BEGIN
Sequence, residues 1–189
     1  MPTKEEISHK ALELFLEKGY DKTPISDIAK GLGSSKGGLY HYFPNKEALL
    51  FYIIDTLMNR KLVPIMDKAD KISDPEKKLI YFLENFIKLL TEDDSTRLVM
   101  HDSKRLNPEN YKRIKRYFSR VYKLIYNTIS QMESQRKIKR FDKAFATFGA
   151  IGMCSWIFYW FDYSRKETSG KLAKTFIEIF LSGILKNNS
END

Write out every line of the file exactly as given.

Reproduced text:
Sequence, residues 1–189
     1  MPTKEEISHK ALELFLEKGY DKTPISDIAK GLGSSKGGLY HYFPNKEALL
    51  FYIIDTLMNR KLVPIMDKAD KISDPEKKLI YFLENFIKLL TEDDSTRLVM
   101  HDSKRLNPEN YKRIKRYFSR VYKLIYNTIS QMESQRKIKR FDKAFATFGA
   151  IGMCSWIFYW FDYSRKETSG KLAKTFIEIF LSGILKNNS